Vintage Pulp | Sportswire Jul 28 2010
GLOVE STORIES
Boxing Illustrated chronicled the sweet science for thirty-eight years.

We found this weathered but legible Boxing Illustrated/Wrestling News, a magazine founded by Stanley Weston in 1958, and decided to post it because the cover features Floyd Patterson and Ingo Johansson, two interesting guys we profiled back in December. This issue is from July 1960, and in 1967, Boxing Illustrated/Wrestling News jettisoned its wrestling coverage and went on to become one of the important sports publications of its time. Boxing had been known as the sweet science for nearly two centuries, but during the 1970s larger than life personalities like Muhammad Ali, Howard Cosell, Norman Mailer and George Plimpton gave weight to that nickname, imbuing the sport with both emotional impact and intellectual veneer. Ali and Cosell were nothing less than the yin and yang of the sport, two men who seemed to orbit each other like binary stars. Meanwhile, guys like Mailer and Plimpton were the scribes, using their pens to describe unbridled savagery in terms more suited for the Bolshoi ballet. Boxing Illustrated finally folded in 1995, which is more or less when boxing itself began to lose relevance with the world public as the dynamism inside the ring and the intellectualism outside it both withered. The sport still hasn’t recovered, and with the rise of mixed martial arts, many think it never will. More Boxing Illustrated covers and info here. 

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Vintage Pulp | Sportswire Dec 8 2009
THE SWEDE HEREAFTER
The two guys Top Secret tried to portray as enemies actually kinda liked each other.
As usual, there is an array of interesting teasers on the cover of Top Secret. The squaw in question at left is Jeanne Carmen, who was a famous blonde pin-up, but who was naturally brunette, and had played the role of a Native American girl named Yellow Moon in the cheesy western War Drums. So that’s the source of the squaw reference. Whether Elvis actually stole her from Sinatra, we can’t say. It’s possible any woman in Hollywood would have to be stolen from Sinatra, the guy got around so much. And as if to prove the point, he would later have a fling with the cover star here, Sabrina, aka Norma Sykes. We talked about their tryst in this post from earlier this year.
 
Anyway, the bit that really caught our attention was not the alleged Elvis-Carmen-Sinatra triangle, but the story about Ingo Johansson being doped. Ingemar “Ingo” Johansson was a world champion boxer who had won the heavyweight crown from Floyd Patterson a year earlier. In the March 1960 rematch, Patterson put Johansson’s lights out with a blow so vicious that Johansson was left twitching on the canvas. It was a definitive victory, just as Johansson’s earlier win over Patterson had been, but in 1960 white-black boxing matches were overtly racially divisive, and so Top Secret took advantage by suggesting that perhaps Patterson’s camp managed to slip the Swede a mickey. That question was answered in the March 1961 third match between the two, when Patterson again knocked Johansson out.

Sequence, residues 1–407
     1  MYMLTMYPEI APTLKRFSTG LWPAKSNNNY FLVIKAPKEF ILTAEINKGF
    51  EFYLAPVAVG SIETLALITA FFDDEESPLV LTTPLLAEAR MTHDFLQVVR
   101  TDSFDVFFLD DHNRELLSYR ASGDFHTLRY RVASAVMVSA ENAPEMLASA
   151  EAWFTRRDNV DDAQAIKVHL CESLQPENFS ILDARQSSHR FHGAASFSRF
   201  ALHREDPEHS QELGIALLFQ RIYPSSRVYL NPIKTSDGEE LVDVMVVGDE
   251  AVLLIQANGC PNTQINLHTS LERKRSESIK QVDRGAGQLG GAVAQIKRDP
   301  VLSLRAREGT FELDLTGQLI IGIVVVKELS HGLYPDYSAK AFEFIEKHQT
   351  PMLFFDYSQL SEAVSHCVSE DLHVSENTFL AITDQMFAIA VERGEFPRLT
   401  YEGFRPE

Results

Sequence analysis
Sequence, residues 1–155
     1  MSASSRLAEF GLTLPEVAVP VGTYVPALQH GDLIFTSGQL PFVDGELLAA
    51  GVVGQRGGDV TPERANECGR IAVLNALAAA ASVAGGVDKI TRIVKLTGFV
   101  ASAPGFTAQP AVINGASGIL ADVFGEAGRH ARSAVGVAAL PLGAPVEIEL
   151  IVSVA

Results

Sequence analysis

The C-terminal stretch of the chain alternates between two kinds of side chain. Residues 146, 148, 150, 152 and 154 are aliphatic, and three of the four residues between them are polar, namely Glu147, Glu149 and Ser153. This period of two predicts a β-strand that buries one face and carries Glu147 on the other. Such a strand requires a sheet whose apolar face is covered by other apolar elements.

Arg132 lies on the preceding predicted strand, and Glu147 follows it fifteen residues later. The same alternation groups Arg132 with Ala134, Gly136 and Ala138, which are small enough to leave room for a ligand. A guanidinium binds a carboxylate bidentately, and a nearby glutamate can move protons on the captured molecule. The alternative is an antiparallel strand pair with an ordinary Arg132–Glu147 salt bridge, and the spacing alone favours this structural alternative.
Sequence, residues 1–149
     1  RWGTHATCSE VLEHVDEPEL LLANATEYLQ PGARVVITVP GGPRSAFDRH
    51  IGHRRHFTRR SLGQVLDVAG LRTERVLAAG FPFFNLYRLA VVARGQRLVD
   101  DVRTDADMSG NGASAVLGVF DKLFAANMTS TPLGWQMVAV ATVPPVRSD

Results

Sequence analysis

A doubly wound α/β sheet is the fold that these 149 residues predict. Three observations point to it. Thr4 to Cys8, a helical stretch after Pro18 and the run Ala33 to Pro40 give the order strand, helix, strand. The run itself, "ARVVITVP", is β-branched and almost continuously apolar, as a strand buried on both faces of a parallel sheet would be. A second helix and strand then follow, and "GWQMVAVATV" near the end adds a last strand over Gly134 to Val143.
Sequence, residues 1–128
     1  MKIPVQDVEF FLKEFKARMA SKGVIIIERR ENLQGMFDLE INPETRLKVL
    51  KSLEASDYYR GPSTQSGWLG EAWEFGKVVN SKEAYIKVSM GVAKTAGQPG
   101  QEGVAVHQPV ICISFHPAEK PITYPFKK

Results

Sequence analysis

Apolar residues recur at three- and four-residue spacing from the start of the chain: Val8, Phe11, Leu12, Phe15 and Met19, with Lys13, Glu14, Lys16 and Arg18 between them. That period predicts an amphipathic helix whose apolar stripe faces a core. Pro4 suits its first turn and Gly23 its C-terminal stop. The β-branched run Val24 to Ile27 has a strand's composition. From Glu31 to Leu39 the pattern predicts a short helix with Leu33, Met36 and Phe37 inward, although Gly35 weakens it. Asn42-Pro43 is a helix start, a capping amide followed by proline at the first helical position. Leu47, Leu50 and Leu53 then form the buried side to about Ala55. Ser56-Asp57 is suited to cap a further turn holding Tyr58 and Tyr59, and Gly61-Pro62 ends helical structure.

After their careers were over, Johansson and Patterson became good friends and even flew to visit each other in their native countries every year. Top Secret could well have done a story on that, but of course harmony doesn’t sell magazines. So while in the U.S. civil rights strife raged through the rest of the sixties and into the seventies, two guys who once made a living beating the living shit out of each other quietly proved that, given a chance to see each other’s similarities rather than differences, people tend to get along just fine.     

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History Rewind
The headlines that mattered yesteryear.
May 29
1914—RMS Empress Sinks
Canadian Pacific Steamships' 570 foot ocean liner Empress of Ireland is struck amidships by a Norwegian coal freighter and sinks in the Gulf of St. Lawrence with the loss of 1,024 lives. Submerged in 130 feet of water, the ship is so easily accessible to treasure hunters who removed valuables and bodies from the wreck that the Canadian government finally passes a law in 1998 restricting access.
May 28
1937—Chamberlain Becomes Prime Minister
Arthur Neville Chamberlain, who is known today mainly for his signing of the Munich Agreement in 1938 which conceded the Sudetenland region of Czechoslovakia to Nazi Germany and was supposed to appease Adolf Hitler's imperial ambitions, becomes prime minister of Great Britain. At the time Chamberlain is the second oldest man, at age sixty-eight, to ascend to the office. Three years later he would give way to Winston Churchill.
May 27
1930—Chrysler Building Opens
In New York City, after a mere eighteen months of construction, the Chrysler Building opens to the public. At 1,046 feet, 319 meters, it is the tallest building in the world at the time, but more significantly, William Van Alen's design is a landmark in art deco that is celebrated to this day as an example of skyscraper architecture at its most elegant.
1969—Jeffrey Hunter Dies
American actor Jeffrey Hunter dies of a cerebral hemorrhage after falling down a flight of stairs and sustaining a skull fracture, a mishap precipitated by his suffering a stroke seconds earlier. Hunter played many roles, including Jesus in the 1961 film King of Kings, but is perhaps best known for portraying Captain Christopher Pike in the original Star Trek pilot episode "The Cage".

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